Regulation of alternative health care questioned
May has severe, chronic spinal disease in her neck, her medical records show. She can walk because two years ago she had urgent surgery to remove discs that were compressing her cervical spinal cord, making it swell with fluid. She also has spinal osteoporosis - weak, brittle vertebrae. Spinal manipulation - commonly known as chiropractic adjustment - can be dangerous for patients with spinal nerve damage or osteoporosis, states the Mayo Clinic website, which offers comprehensive information on hundreds of diseases.
But before May knew she had spinal disease, she spent almost a year in the care of a Milwaukee man named Sik Kin Wu. And May says she paid Wu, a self-described “intuitive healer,” to adjust her neck - not once or twice, but 11 times during a year.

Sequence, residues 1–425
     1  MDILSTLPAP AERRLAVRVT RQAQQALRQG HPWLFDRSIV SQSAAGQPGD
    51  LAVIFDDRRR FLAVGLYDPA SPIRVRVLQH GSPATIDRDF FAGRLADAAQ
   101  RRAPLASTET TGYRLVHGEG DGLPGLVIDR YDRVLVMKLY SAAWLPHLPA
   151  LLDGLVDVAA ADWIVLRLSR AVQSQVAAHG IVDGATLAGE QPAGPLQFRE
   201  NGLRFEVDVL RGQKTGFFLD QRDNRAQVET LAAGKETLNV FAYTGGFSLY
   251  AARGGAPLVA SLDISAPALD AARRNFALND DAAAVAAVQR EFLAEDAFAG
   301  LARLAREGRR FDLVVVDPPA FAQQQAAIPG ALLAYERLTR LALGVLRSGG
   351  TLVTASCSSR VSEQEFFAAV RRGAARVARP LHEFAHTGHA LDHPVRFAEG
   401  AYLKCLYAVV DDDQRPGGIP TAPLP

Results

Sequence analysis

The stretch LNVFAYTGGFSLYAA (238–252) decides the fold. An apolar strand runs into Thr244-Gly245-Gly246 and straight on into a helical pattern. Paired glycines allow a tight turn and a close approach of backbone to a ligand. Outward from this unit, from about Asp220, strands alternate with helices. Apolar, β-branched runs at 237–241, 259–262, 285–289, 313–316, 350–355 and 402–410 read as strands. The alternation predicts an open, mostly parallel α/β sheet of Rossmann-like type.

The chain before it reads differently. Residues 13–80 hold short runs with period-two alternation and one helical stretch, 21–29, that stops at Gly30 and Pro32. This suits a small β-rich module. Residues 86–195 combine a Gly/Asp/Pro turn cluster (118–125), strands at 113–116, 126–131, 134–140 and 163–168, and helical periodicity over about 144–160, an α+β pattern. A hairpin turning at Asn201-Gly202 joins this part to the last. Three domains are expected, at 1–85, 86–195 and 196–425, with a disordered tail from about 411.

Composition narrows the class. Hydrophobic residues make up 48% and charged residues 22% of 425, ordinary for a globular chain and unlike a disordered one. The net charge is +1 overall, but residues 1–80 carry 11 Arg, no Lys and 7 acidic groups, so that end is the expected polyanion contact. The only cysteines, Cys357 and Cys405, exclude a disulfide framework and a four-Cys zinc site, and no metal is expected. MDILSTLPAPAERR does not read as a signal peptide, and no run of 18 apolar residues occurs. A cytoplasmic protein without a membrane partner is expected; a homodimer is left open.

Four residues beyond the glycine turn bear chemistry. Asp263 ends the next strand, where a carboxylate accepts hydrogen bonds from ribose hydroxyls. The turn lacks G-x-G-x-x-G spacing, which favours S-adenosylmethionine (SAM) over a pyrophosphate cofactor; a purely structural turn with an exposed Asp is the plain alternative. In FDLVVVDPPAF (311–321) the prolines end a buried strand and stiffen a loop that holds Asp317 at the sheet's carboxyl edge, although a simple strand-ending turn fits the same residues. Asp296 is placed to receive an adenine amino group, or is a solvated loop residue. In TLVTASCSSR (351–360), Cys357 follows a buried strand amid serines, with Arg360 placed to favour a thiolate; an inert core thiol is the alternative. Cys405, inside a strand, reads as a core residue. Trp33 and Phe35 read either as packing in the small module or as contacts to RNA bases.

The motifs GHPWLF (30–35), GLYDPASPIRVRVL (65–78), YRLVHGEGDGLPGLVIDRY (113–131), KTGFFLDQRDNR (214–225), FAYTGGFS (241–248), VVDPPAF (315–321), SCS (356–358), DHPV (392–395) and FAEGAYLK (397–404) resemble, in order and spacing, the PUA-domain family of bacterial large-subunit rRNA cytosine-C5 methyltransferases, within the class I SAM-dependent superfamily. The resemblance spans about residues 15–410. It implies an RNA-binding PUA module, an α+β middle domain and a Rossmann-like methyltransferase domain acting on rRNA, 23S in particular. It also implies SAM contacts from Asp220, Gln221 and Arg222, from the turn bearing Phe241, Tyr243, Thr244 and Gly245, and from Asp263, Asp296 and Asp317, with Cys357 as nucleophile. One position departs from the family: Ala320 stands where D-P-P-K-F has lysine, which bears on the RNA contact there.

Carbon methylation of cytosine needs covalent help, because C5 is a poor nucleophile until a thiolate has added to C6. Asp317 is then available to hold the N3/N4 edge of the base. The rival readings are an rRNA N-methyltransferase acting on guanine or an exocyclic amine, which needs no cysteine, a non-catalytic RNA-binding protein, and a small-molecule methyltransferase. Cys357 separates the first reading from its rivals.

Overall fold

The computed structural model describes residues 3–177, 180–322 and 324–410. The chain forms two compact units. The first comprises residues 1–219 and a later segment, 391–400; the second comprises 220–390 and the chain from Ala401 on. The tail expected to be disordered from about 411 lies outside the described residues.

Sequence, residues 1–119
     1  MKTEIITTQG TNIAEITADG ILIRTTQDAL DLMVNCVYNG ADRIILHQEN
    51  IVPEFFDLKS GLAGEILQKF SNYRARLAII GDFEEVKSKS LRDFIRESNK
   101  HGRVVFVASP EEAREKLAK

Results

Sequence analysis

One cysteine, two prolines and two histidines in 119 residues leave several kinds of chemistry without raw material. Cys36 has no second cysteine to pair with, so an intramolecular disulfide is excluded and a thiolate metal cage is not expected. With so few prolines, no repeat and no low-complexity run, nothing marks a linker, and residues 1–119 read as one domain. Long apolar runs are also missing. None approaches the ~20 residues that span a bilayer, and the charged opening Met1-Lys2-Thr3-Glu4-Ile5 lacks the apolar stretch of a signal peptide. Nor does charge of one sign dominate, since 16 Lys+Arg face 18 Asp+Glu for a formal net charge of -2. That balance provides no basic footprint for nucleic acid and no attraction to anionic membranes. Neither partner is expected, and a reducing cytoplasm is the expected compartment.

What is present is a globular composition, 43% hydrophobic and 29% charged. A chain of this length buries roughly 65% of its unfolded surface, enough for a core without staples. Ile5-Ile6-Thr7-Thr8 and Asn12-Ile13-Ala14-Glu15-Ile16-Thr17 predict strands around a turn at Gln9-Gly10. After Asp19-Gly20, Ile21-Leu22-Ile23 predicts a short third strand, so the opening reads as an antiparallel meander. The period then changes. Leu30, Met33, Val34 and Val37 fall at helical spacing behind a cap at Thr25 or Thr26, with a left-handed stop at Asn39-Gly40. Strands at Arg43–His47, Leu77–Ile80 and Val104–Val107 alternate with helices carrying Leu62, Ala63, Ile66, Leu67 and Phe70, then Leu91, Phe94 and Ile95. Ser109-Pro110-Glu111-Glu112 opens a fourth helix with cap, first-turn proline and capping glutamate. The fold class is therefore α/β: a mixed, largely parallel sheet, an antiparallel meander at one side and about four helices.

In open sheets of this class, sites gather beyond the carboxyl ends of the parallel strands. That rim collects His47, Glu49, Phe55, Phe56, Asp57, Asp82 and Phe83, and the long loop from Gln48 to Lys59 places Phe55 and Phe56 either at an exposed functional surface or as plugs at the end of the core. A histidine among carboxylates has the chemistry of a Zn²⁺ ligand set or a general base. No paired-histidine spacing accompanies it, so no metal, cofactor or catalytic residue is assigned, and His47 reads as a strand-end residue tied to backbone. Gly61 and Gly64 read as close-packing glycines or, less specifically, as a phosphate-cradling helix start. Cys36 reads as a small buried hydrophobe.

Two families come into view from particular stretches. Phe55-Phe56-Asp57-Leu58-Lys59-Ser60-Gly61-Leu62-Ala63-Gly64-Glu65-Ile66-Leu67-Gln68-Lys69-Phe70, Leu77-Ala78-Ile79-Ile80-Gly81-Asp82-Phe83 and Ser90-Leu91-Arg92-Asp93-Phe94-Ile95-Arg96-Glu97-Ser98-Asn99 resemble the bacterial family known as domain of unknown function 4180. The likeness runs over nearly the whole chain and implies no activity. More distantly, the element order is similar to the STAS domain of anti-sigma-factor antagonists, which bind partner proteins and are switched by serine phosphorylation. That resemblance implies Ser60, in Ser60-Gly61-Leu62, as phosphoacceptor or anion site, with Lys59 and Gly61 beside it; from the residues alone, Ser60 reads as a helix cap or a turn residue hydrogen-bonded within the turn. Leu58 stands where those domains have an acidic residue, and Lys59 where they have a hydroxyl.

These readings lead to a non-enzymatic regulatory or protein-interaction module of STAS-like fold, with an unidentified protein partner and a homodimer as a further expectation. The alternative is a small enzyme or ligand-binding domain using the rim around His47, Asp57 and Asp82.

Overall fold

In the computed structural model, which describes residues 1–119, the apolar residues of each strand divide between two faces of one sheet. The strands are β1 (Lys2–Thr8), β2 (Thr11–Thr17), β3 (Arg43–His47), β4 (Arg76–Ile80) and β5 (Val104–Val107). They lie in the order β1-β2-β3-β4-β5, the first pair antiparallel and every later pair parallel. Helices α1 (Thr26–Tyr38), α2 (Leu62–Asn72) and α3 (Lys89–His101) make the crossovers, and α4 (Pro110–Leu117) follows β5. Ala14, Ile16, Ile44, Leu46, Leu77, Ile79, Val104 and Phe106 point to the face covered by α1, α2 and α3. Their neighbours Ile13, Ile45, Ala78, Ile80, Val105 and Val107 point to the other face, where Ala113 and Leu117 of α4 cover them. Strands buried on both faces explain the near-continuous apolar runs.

Wu, a Shorewood restaurant owner with a history of federal tax fraud, says he can tell what’s wrong with people by looking at them. He acknowledged he isn’t licensed to provide health care in the United States, instead providing a certificate stating he completed a four-month acupuncture and Chinese massage program in Shanghai.
But a Journal Sentinel investigation found Wu has used spinal manipulation - considered the work of a chiropractor or, in some cases, a physical therapist or credentialed massage therapist - on May and many others for years. By his own account, Wu also charges $350 to put his hand in people’s vaginas and rectums to “heal” conditions such as erectile dysfunction and ovarian cysts.
The state Department of Safety and Professional Services wouldn’t say whether Wu’s activities are legal, but Wisconsin statutes prohibit the unlicensed practice of medicine, surgery or chiropractic care.